3. Difficulties arose amongst the parties on account of order dated 23.03.2020 issued by the State of Haryana ordering closure of all commercial establishments due to the outbreak of COVID-19 pandemic. Vide order dated 24.03.2020, Ministry of Home Affairs ordered a country wide lock down. Thus, rent could not be paid for March 2020. Some maintenance charges were also in arrears. The sub-lessee issued notice dated 15.04.2020 invoking Clause 12.1 of the sub-lease agreement which gives a right to sub-lessee not to pay rent for the period the area under the sub-lease could not be used on account of Force Majeure. This was responded too by the sub-lessor vide its letter dated 16.04.2020 objecting to invocation of the said clause on the ground that the COVID-19 pandemic was not included in the definition of Force Majeure. Ultimately, the sub-lessor issued notice dated 14.06.2020 terminating the sub-lease followed by notice dated 27.06.2020 invoking Clause 9.1 of sub-lease for referring the dispute to arbitration. The sub-lessee responded vide letter dated 17.07.2020 and inter alia submitted that no action could be taken under the sub-lease as the same was insufficiently stanked and unregistered. Instead refund of Rs. 15,00,195/- was demanded, after deduction of rent for the month of March 2020 from the security amount. I have been informed that on refusal to refer the dispute to arbitration, a petition under Section 11 of the Act has been filed in the High Court and the same is pending. The sub-lessee is hotly contesting the said petition on the ground of sub-lease deed being unregistered, apart from other grounds. Meanwhile on account of the dispute, the sub-lessee was not permitted to enter its office space or to remove its belongings/equipments/movable property therefrom. Thus, a petition under Section 9 of the Act was filed for grant of interim relief and the same has been allowed.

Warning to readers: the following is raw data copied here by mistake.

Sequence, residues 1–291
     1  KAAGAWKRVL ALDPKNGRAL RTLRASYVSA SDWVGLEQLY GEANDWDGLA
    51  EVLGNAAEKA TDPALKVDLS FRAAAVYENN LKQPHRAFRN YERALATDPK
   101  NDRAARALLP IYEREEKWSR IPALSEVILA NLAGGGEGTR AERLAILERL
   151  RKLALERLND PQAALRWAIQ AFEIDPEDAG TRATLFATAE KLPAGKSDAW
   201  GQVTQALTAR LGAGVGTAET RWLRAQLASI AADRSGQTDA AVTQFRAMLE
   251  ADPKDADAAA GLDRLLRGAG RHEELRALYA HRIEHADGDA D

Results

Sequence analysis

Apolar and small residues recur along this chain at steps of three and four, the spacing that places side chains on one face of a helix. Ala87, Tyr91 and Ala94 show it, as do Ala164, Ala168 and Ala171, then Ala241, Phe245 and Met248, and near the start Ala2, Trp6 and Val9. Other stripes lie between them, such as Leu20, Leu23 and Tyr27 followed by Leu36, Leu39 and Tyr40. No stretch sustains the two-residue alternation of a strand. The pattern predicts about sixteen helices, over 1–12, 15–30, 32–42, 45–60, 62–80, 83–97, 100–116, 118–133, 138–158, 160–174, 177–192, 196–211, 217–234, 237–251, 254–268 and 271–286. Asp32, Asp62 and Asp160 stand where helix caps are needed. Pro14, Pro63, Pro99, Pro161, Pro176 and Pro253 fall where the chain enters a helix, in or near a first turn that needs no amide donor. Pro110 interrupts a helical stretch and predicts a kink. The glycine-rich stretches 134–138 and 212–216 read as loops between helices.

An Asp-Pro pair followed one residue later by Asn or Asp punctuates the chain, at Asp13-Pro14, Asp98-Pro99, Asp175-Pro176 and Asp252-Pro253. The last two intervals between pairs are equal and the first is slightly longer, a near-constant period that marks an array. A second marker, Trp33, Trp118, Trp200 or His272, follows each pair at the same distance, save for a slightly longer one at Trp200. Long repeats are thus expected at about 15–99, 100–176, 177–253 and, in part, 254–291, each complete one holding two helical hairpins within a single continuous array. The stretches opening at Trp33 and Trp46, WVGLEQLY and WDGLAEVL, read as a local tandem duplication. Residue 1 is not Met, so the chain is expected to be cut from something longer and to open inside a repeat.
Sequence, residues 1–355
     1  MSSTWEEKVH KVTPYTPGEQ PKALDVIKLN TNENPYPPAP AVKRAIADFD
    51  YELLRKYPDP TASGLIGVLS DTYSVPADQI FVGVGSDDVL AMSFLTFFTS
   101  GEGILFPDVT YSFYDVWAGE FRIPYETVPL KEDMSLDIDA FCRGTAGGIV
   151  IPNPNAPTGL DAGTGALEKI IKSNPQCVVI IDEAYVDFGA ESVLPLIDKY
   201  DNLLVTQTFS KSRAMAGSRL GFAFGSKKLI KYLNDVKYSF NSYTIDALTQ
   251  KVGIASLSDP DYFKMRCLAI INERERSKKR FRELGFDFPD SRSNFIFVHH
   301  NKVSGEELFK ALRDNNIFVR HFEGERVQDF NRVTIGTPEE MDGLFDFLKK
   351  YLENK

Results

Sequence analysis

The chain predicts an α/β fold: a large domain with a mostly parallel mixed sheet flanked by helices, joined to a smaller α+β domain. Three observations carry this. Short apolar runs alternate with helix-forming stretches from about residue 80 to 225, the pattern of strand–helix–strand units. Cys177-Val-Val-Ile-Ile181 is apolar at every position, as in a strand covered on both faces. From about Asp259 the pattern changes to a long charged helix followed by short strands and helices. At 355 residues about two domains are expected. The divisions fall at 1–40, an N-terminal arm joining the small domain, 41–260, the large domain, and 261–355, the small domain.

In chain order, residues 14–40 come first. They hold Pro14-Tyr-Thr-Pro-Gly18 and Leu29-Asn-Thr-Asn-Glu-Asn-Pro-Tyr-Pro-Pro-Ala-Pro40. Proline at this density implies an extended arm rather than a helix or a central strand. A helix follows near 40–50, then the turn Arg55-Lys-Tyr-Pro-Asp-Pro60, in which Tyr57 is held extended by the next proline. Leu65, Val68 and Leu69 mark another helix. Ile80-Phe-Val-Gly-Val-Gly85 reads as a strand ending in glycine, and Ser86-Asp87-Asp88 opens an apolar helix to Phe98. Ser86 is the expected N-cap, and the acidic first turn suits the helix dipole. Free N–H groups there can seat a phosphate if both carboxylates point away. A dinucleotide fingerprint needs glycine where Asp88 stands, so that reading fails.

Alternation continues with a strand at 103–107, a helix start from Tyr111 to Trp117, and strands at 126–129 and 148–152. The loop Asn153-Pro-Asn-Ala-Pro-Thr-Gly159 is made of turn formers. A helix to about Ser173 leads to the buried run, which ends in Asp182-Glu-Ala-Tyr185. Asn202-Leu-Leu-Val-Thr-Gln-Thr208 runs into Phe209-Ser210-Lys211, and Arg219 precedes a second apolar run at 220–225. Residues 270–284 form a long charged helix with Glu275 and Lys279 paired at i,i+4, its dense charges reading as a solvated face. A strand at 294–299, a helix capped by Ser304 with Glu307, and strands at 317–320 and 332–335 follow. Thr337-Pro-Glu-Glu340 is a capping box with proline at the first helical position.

4. This appeal has been filed by MA and along therewith, e-mails dated 12.08.2019, 19.08.2019, 26.08.2019, 02.09.2019, 24.09.2019, 30.09.2019 and 01.10.2019 have been annexed to establish that the sub-lessor had all along been requesting the sub-lessee to come forward to pay its share of stamp duty and registration charges so that the sub-lease deed may be registered. Based thereon it has been submitted that said document had remained unregistered on account of the inaction of the sub-lessee.